The portrait by Maurice Quentin de la Tour has become an iconic image
One of the best known images of Bonnie Prince Charlie may in fact portray his younger brother, according to research by an art expert.
The Scottish National Portrait Gallery's pastel portrait by Maurice Quentin de la Tour has become an iconic image of the prince.
But research by London-based art dealer Bendor Grosvenor suggests it may have been mistakenly identified.
The Scottish National Portait Gallery maintains the image is Charles.
It bought the portrait in 1994 for £22,000.
Prince Charles Edward Stuart, or Bonnie Prince Charlie as he became known, was the grandson of James VII of Scotland (James II of England), who was deposed in 1688.
The key to the unlocking the mystery came in February this year when a painting catalogued simply as "Portrait of a Cardinal" came up for auction. It was bought by London art dealers Philip Mould.
After careful research by Mr Grosvenor, one of the company's directors, it was identified as a lost portrait of Prince Charlie's younger brother, Henry Stuart, who is best known as Cardinal York.
But the trail led further, as Mr Grosvenor told the BBC Scotland news website.
This portrait bought at an auction in London this year was the key
"I was reminded that I had often thought the portrait in the Scottish National Portrait Gallery looked a little bit strange," he said.
"Charles had a prominent dimple and his face was much more angular than Henry's."
Mr Grosvenor compared the different images using computer technology and came to the conclusion that the picture in Edinburgh is Henry rather than Charlie.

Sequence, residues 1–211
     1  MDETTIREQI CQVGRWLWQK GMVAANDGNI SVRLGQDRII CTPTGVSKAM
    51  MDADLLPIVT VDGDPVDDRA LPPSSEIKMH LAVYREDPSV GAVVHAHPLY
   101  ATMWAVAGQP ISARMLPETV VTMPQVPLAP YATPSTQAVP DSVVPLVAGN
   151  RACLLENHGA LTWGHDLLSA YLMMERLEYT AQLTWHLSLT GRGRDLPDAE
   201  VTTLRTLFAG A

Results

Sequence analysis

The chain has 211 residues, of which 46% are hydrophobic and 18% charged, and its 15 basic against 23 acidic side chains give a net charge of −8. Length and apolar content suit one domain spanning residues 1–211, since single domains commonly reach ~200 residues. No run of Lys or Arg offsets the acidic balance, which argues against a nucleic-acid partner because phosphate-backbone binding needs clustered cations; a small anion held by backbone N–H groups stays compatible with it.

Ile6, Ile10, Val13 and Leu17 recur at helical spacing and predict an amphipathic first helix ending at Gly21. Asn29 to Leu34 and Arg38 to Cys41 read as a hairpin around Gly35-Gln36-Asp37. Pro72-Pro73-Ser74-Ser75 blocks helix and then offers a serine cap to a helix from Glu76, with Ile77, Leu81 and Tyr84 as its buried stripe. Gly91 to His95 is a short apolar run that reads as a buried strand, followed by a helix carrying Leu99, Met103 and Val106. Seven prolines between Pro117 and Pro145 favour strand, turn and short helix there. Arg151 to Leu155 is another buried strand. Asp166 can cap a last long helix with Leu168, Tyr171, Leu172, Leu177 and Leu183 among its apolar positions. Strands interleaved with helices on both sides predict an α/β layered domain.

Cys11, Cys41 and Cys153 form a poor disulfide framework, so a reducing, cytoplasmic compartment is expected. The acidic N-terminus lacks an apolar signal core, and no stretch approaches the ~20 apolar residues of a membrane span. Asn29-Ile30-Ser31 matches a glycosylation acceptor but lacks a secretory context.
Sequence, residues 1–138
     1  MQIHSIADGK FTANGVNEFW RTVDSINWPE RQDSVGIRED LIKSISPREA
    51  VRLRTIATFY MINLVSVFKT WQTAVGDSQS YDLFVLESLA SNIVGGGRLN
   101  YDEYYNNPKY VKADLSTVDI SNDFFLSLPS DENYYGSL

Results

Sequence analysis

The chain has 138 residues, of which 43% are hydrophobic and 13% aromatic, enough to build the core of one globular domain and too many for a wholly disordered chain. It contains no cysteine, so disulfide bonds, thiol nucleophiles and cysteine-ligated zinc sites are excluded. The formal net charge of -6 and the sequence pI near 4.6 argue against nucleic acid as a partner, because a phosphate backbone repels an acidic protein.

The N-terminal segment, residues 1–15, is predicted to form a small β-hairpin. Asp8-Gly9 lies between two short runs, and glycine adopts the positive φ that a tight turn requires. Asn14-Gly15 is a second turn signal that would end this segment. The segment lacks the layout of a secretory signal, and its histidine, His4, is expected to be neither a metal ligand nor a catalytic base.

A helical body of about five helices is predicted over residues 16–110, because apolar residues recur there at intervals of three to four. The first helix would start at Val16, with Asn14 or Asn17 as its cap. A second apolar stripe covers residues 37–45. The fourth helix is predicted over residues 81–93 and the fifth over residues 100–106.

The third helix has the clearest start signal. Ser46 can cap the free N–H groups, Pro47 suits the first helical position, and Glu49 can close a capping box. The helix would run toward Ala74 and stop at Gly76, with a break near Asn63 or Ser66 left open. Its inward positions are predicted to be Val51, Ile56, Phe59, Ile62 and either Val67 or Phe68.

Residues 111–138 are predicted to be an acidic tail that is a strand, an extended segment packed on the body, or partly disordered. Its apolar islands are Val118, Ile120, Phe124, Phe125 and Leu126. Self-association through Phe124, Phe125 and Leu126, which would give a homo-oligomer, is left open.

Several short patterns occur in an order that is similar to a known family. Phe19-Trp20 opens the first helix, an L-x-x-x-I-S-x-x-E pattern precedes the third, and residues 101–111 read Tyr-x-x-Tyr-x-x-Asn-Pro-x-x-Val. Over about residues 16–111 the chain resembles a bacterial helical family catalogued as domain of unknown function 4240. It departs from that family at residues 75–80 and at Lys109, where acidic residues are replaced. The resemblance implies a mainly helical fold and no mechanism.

He also argued that the painting bought this year in London is an updated copy of it simply showing different (clerical) clothing.
Mr Grosvenor said earlier art experts may have been misled by the fact that the subject of the portrait is in armour - not the generally accepted clothing of a cardinal.
Yet Henry was briefly a soldier and, according to Mr Grosvenor, he "loved dressing up". He also sat for a portrait by de la Tour.
All of this, he said, actually makes the Edinburgh-portrait "even more interesting".
That view has been echoed by Robin Simon, editor of the British Art Journal, which published the research. He said he had "no doubts" about the research.
Of the portrait he added: "It is just a wonderful piece anyway. It's superb."
The Scottish National Portrait Gallery acknowledged that there had always been some "scholarly debate" about the subject of the painting.
Both men looked similar in their younger years and both were painted by de la Tour.
The gallery's director, James Holloway, said: "The reason we maintain that our portrait does, in fact, represent Prince Charles is because of its very close similarity to the engraving by Michel Aubert published contemporaneously with an inscription identifying it as Prince Charles.
"To date there has been no convincing evidence that contradicts this identification."
But Mr Grosvenor, who describes himself as "a bit of a Jacobite-anorak", said the historical detective work had been "highly exciting" and he felt as though he had "hit the jackpot."